I have been besieged by callers wanting to know more about the AB-field trifectas I have a craving for, and wanting me to apply some rules and regulations to selections.

I will not be providing specific "systematic" rules this month, because I want to go another way. Next month we can have a look at some examples.

Why ABC, and even D, as I titled this month's effort?

Well, A is the first horse (see the interviews with Damien Whitchurch in the August and September issues of PPM), and B is the second horse.

C is the field. Shouldn't it be F? No, because we are going to try something different here to keep matters within the bounds of betting reality.

Say you have a bank of 900 units. I have said so many times in the past (many of you can probably repeat this parrot-fashion) that you don't need the bank up front; you merely have to be sure that you can be honest about it and not spend 10 per cent on the first day. One per cent would be 9 units, maximum.

If you start with 3 units for an AB race, that leaves 887 units in the bank if those 3 go down. You will need to find another 3 for the next operation.

My advice would be to seek out one or two ABs a day. I have frequently found them on daily double races, allowing me an extra bite of the cherry. For example, if I have AB-AB-field (C) in each leg, I will also take a daily double AB into AB (four bets).

I call it bet D.

My bets are:

  • Two singles in each leg: A and B (four bets, four bank units)
  • Two C trifectas (two bets, two bank units)
  • Four doubles (D) (four bets equivalent to one unit of my bank)

This means at least 7 units of my bank are in play for the day's operation.

Of course, I bet so that if my first leg wins, I may not then bet on A and B in the second leg, and I can sit on 5 units outlay for the day if I wish.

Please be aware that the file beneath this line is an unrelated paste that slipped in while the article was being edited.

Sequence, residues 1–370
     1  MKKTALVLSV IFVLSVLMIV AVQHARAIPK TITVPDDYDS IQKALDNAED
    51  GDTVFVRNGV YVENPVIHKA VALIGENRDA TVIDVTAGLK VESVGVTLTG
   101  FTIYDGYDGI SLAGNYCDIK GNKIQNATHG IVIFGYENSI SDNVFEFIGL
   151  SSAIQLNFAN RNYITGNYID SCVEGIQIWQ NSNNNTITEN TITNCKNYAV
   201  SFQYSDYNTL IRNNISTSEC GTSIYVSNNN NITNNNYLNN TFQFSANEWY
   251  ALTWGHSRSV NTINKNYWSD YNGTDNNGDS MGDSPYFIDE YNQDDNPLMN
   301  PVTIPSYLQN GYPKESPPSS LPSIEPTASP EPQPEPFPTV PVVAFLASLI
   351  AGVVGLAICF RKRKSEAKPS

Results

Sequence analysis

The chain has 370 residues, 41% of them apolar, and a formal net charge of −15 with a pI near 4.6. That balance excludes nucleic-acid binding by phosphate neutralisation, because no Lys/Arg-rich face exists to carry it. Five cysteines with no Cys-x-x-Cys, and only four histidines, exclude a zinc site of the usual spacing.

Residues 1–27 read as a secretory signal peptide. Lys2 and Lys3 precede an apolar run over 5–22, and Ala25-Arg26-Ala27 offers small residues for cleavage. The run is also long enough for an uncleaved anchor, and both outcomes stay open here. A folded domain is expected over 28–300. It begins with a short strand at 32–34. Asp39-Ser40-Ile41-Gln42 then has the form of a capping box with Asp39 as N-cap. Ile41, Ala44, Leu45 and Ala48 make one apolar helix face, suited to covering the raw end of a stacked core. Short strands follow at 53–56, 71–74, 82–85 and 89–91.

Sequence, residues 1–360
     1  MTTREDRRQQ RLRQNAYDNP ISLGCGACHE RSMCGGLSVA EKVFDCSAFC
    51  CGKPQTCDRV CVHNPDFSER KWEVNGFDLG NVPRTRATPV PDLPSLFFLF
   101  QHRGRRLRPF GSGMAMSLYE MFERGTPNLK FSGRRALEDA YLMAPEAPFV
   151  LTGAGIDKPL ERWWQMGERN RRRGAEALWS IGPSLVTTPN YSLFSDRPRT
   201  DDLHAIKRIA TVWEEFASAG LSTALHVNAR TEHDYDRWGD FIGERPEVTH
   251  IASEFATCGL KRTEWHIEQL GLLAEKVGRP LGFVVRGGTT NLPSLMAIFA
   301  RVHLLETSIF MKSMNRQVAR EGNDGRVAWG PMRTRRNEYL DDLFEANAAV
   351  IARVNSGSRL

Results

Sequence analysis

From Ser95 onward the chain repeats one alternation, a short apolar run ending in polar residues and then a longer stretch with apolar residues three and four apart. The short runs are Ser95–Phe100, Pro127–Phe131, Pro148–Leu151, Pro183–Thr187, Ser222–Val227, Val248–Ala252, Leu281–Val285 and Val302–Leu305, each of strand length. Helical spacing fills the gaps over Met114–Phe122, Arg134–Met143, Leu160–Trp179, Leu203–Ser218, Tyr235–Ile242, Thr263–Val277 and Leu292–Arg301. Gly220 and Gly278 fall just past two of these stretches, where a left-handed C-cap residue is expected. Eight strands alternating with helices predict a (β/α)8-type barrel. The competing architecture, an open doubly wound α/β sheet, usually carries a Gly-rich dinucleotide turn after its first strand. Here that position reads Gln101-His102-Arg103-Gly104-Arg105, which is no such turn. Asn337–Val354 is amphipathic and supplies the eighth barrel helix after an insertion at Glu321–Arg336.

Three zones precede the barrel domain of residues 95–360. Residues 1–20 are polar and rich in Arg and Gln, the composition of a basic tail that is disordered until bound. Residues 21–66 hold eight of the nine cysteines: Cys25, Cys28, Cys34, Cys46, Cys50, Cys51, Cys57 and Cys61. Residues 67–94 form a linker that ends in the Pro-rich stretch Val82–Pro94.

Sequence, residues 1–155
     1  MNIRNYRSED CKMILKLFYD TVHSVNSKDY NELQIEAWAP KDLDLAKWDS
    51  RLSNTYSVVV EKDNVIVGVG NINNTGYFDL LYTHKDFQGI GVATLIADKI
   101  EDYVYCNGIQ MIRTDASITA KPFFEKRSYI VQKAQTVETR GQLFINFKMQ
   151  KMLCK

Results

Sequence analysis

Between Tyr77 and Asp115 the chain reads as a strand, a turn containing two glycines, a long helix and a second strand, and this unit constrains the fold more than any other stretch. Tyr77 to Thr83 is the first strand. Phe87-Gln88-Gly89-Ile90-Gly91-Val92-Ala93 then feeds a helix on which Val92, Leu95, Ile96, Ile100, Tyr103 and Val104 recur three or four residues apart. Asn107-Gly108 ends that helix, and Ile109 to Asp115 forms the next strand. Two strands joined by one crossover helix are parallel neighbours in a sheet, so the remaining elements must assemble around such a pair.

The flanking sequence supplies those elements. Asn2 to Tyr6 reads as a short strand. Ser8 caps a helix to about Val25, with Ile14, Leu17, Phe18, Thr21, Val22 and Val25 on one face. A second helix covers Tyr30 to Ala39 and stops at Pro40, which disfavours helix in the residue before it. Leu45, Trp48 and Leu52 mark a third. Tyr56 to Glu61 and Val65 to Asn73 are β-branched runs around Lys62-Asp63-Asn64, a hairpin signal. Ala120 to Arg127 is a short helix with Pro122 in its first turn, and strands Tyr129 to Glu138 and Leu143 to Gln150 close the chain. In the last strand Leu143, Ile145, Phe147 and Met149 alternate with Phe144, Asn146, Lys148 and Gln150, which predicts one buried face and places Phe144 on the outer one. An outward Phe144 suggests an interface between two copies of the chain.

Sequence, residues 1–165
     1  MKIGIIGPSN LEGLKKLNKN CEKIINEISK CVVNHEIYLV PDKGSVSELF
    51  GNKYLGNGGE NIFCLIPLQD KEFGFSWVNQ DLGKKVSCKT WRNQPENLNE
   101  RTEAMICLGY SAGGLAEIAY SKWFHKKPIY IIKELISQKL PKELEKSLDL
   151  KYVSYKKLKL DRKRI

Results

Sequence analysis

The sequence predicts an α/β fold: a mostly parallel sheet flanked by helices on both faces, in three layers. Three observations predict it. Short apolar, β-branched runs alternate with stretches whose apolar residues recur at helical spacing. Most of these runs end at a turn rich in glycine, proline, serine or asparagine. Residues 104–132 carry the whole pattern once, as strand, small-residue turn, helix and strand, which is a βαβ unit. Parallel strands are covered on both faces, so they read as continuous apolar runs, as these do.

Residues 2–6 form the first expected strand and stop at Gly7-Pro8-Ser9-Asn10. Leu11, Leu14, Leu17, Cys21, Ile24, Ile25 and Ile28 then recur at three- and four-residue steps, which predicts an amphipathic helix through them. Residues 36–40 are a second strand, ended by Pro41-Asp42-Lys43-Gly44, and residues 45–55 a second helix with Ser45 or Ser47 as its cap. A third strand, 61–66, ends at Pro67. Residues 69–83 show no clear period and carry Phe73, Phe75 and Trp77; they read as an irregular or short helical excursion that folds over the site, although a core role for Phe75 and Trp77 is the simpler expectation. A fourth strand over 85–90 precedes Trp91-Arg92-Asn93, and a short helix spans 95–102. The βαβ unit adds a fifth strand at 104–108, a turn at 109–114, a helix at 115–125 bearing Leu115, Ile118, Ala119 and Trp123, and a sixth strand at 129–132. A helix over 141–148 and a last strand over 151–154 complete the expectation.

Should I lose the first bet and the double, I might consider having 2 units on each of the A and B singles in the second leg, thereby increasing my day's outlay to the 9 unit (1 per cent) figure 1 mentioned above.

Let's go into all this in some detail.

Let's say I pick an AB trifecta in race five and another in race seven, and they are the legs of a daily double.

I estimate that, on average, I will outlay $26 to $30 on this AB trifecta. To simplify matters I am going to therefore make $30 equal 1 unit.

A $30 unit means I will need a bank of $27,000, with a maximum of $270 ever being in play on one day.

If you bet in 50 cent trifecta units, you can halve all that. A $15 unit means a bank of $13,500, over 100 betting days (which could mean a year for the weekend punter, and assumes no returns at all from a hundred ABs, before he goes broke!).

Let's say I bet in $1 units, okay? I have to be able to find $270 maximum if I want to take this idea through. I remind you that if this is too steep, forget it and go back to 1 unit total on A and B, and 1 on C. That means you'd spend $30 on the trifecta (C) and $15 win on each of A and B, a total of $60 in $1 units and $30 in 50 cent units.

Now, back to that $270.

I bet $30 on the C in each leg. That makes $60. I regard that as ONE unit each.

I then bet ONE UNIT on A and ONE UNIT on B in leg one. That makes $30 each, or $60.

So I have outlaid $90 on race five.

So far I have also outlaid $30 on race seven for the C.

I am out $120, or four units.

I then take the daily double, AB into AB. I call it the D bet. Total outlay is ONE UNIT, $30, so the four doubles here are for $7.50 each.

I have now outlaid $150, or 5 units (A,B,C in leg one, D in both legs, and C in leg two).

I do not bet on A and B in the second leg until my first leg has been run. I then decide whether or not to bet on A and B in the second leg.

If I know I have a good double going, I don't outlay the additional 1 or 2 units. However, I need to use my head here. If the C got up in leg one, clearly I am having a good day with a trifecta and a winner, and I let the double run. If it didn't, but A or B still won, I estimate my likely return on the double and calculate the necessity of having more money on the race seven selections.

If they are not favourites, I will probably just let them run. If they are shortish (say $5 or less), I might still back my second leg selections. This is unlikely but I might do it, given the right circumstances.

If I lose race five altogether, I will probably have TWO UNITS on A and B in the seventh race.

So I will now have outlaid 9 units for the race.

Next month I will argue the case for and against betting two horses for a win in a race, and look at various ways of arranging these bets to take advantage of the odds and the logic of racing.

By The Optimist